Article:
Will digital save print?

Some interesting conversations with publishers last week about digital editions of magazines. The excitement of the launch of these products has settled into a realism about their use and about their limitations.

There are still a few publications where the digital version is being set up as the replacement for the print edition, but in many more cases the new medium is viewed as supplementary to the old.

As the Dovetail Digital Subscriber Survey shows, the number of “digital only” subscribers (i.e. ones that have no print product subscriptions) is vanishingly small (<1%). It will grow, but the much greater number are those mixing print and digital products.

This chimes with publishers’ experience. They had initial euphoria as large numbers of shell apps/sample editions were downloaded, but this growth wasn’t (indeed couldn’t be) sustained or turned into digital-only revenue streams. Digital only subs are still growing for most publishers, but these growth rates are much slower and, in some cases, have completely levelled out. The potential for substantially expanding a title’s market through digital editions is much more limited than publishers first thought.

Where publishers are seeing interesting stats is with ‘bundled’ subscriptions. What seems to be happening is that the digital version deepens these readers’ relationship with their title. Rather than just reading the magazine in the same way, at the same time, in the same place as they always have with the print version, the digital edition allows for different engagements. We’re not talking here about consumption of different content, but a more frequent interaction with the magazine – it allows a reader to, say, dip in and out of their magazine during the week without having to carry the physical product around every day, or revisit an older issue that wasn’t finished, or even just for subscribers to be able to read the new edition when they’re away from home.

It is early days, but subscribers are using the digital version to engage with the magazine more frequently and seem to be renewing their subscriptions at significantly higher rates and so have much better lifetime values.

If that’s true, then, far from being a threat to print magazines, digital editions might just help (some of) them survive.

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5 comments

  1. Hi Don

    A very interesting article and what I find to be interesting from the Dovetail survey was definately the reading habits. For a print version most read it from cover to cover, or a large proportion of it, and for digital the complete opposite. That certainly follows what you are saying about dipping in and out.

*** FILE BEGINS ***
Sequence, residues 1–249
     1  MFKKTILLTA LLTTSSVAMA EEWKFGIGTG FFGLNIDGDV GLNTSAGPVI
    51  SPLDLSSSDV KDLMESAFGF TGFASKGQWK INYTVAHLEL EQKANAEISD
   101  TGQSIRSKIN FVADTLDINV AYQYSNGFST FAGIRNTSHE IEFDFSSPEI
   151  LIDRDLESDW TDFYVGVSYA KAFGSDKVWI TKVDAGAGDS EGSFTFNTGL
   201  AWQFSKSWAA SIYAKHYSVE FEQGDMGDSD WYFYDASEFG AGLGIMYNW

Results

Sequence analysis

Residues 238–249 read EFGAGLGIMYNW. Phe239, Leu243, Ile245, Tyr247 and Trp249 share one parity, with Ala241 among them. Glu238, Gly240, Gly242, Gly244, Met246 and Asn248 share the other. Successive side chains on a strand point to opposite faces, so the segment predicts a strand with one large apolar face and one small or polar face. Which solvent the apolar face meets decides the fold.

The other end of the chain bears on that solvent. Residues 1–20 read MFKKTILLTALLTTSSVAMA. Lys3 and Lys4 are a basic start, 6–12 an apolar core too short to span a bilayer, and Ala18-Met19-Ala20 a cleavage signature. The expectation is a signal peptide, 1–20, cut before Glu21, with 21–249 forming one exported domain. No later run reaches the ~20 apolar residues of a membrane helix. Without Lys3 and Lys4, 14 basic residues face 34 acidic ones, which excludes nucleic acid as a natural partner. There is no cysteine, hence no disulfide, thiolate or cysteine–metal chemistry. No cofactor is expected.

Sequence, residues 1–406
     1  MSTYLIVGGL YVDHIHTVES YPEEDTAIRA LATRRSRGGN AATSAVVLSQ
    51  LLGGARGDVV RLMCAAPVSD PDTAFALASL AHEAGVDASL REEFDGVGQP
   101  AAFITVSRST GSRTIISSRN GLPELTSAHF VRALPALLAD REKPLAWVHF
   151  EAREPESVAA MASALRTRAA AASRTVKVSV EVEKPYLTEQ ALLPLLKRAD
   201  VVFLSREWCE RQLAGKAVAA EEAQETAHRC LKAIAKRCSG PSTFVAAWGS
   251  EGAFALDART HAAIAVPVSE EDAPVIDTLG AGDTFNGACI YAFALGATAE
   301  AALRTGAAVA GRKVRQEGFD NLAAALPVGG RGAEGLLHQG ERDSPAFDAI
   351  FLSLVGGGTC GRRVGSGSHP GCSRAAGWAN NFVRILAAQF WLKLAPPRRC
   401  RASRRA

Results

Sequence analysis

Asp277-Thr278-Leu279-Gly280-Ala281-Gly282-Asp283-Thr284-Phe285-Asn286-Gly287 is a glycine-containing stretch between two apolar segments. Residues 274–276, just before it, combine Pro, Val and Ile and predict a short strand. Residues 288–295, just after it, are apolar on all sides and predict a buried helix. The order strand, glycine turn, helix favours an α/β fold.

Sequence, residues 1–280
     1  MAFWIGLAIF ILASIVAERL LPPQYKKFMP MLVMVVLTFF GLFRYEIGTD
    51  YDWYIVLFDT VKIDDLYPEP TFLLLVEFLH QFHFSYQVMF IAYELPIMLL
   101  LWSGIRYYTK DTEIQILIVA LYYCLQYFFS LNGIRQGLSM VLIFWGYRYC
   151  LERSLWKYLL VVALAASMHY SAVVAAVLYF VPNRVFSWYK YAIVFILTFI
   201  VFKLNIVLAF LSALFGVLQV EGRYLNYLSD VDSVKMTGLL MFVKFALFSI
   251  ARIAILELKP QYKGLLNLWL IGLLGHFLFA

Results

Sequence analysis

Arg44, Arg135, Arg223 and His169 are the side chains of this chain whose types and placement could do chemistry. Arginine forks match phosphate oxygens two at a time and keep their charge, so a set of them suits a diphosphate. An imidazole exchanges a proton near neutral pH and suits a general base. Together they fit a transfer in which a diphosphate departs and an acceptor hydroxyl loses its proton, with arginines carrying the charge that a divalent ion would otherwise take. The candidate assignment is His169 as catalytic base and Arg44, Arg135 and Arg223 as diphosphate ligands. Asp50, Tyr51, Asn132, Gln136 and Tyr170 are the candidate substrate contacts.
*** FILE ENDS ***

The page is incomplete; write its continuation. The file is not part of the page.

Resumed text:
What are you thoughts about the potential future for the type of magazine i.e. the hobby market compared to lifestyle/mainstream. Which would suit digital better or is there really little in it?

    Cheers

    Paul

    1. The other VAT anomoly is whether the “additional” charge for a bundle is vatable and the rest remains excempt.

      1. This is still an unresolved question, although the tide is moving towards charging more for the bundle with an element of this being either vatable or the VAT payment. When Dennis launched The Week app they talked to HMRC and agreed on a VAT amount for the app – this is basically what they now charge customers who trade up from the print-only edition.

        My view has always been that if a stand alone version of the digital product exists then you have to incorporate some VAT charge into the cost of the bundle. If the digital product is only available in a bundle and the price of the subscription hasn’t changed since you added the digital version you might (might) be able to fight HMRC for as long as the digital product remained free. I really can’t see this as a long term solution though, so one is better to get this sorted sooner rather than later.

    2. Interesting article Don. Lets hope too many toes aren’t blasted off with the VAT thing. RE Paul, I suspect the obvious answer is that the more often the digital editions are updated the more they will be dipped into via mobile etc. Those that keep the heightened reading experience as their main objective (as opposed to information provision) – along with the production values, will see less mobile activity. Its a bit chicken and egg as well I would think?

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